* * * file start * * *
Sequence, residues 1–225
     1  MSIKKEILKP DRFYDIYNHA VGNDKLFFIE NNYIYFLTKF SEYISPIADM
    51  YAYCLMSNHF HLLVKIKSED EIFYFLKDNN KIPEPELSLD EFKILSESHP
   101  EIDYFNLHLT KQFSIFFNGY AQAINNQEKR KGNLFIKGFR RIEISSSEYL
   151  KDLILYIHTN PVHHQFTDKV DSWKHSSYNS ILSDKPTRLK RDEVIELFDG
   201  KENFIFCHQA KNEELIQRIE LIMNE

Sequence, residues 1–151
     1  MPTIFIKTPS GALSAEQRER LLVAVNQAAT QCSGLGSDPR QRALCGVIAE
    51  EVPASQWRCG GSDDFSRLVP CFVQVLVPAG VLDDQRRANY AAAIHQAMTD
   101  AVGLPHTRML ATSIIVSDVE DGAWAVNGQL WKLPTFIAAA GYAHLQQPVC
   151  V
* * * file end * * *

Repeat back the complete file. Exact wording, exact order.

Sequence, residues 1–225
     1  MSIKKEILKP DRFYDIYNHA VGNDKLFFIE NNYIYFLTKF SEYISPIADM
    51  YAYCLMSNHF HLLVKIKSED EIFYFLKDNN KIPEPELSLD EFKILSESHP
   101  EIDYFNLHLT KQFSIFFNGY AQAINNQEKR KGNLFIKGFR RIEISSSEYL
   151  KDLILYIHTN PVHHQFTDKV DSWKHSSYNS ILSDKPTRLK RDEVIELFDG
   201  KENFIFCHQA KNEELIQRIE LIMNE

Sequence, residues 1–151
     1  MPTIFIKTPS GALSAEQRER LLVAVNQAAT QCSGLGSDPR QRALCGVIAE
    51  EVPASQWRCG GSDDFSRLVP CFVQVLVPAG VLDDQRRANY AAAIHQAMTD
   101  AVGLPHTRML ATSIIVSDVE DGAWAVNGQL WKLPTFIAAA GYAHLQQPVC
   151  V